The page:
Update on Ladybugs as Natural Pest Control
It seemed like an excellent idea in the beginning. Using ladybugs as a form of non-toxic, hypoallergenic, affordable pest control for growing fruits and vegetables … what could possibly go wrong? Well, as it turned out, a number of unforeseen problems developed. Here’s an update on the results of experimenting with ladybugs as a form of natural pest control.
What a ladybug is
The ladybug is actually a type of small beetle (typically 1-10 mm in length), and in fact it is known as “lady beetle” by scientists and “ladybird” in the United Kingdom. Found across a wide variety of habitats, there are 5000 species of ladybug, or Coccinellidae in Latin, which typically are spotted with black on a contrasting background of bright red, orange, or yellow. Ladybugs lay hundreds of eggs at a time; several weeks later, these hatch into very active and hungry larvae. This is where the colorful beetle’s perceived value to agricultural operations lies.
Why ladybugs seem promising for pest control
Both the larvae and adult ladybugs of many Coccinellid species feed on a diet of plant pollen and insects, including aphids, the larvae of asparagus beetles and Colorado potato beetles, bean thrips, chinch bugs, and mealybugs. These gourmet delights are well known to farmers, commercial orchard keepers, and home gardeners as crop destroyers. Relying on ladybugs to gobble up these pests is cheaper than extermination by spraying with dangerous pesticides. It’s also safer. Unlike sprays, ladybirds do not leave toxic residue on the plants they are meant to protect. Nor do they sting or otherwise harm human beings or animals. (Although they may occasionally bite, it is neither painful nor poisonous.)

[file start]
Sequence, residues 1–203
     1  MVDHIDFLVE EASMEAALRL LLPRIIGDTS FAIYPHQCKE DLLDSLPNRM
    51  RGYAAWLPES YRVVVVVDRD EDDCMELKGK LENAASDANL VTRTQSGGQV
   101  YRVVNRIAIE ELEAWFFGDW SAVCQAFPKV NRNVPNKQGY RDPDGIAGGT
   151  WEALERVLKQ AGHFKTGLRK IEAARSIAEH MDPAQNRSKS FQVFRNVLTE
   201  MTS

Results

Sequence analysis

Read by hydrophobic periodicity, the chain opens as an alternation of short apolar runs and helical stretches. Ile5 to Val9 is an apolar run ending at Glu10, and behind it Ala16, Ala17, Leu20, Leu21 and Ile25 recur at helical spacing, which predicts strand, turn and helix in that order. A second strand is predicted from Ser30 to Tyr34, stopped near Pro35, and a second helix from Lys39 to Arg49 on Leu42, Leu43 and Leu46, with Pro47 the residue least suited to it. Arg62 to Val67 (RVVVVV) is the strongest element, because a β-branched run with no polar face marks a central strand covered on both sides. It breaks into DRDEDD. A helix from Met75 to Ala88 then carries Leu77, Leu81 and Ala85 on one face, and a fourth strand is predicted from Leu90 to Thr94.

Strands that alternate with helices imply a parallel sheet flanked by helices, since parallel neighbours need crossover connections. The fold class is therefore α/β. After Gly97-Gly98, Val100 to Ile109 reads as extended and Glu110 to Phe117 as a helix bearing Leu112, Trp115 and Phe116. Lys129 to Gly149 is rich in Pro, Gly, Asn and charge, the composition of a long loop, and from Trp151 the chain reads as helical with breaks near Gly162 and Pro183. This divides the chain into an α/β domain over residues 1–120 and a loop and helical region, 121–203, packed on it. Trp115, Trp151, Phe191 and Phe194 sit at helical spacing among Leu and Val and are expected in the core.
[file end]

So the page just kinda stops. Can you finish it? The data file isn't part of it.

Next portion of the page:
How ladybugs are used
There are several ways to harness “ladybug power” for agricultural pest control. You can start by eliminating the use of pesticides or insecticides and planting flowers whose pollen ladybugs enjoy, to attract these insects to the site where pest control is needed. Add some ladybug houses and drinking water to welcome your distinguished guests. Alternatively, in the spring when ladybugs swarm, you may gently pick them up and place them in a ventilated container for transportation to the spot where their pest-eating talents are needed. As a third option, imported ladybirds may be purchased in bulk from a commercial supplier and then released on site.
Why importing ladybugs can be problematic
Importing and releasing ladybugs would seem to be an effective, reasonably priced means of pest control, in theory. Unfortunately the practice comes with a number of drawbacks. The first is that there is no reliable way to keep the beetles, once released, in the area of your garden or orchard. They frequently venture to neighbors’ property or attempt to head back to their home. (A frequent suggestion for managing purchased ladybugs is to stick their wings closed with a sugary soda-pop-and-water solution, to temporarily prevent them flying away; however, this seems cruel.) Second, the imported insects tend to bring parasites and diseases along with them to their new neighborhoods, which then infest native species of ladybugs. Third, ladybugs of the genus Harmonia axyridis have become bothersome in certain regions, when they get into homes and other buildings in search of a place to overwinter. Although not dangerous, they are a nuisance in large numbers, especially because they emit an unpleasantly acrid odor and secrete a bright yellow fluid, which can stain furniture and other household items.
Laura Firszt writes for networx.com.
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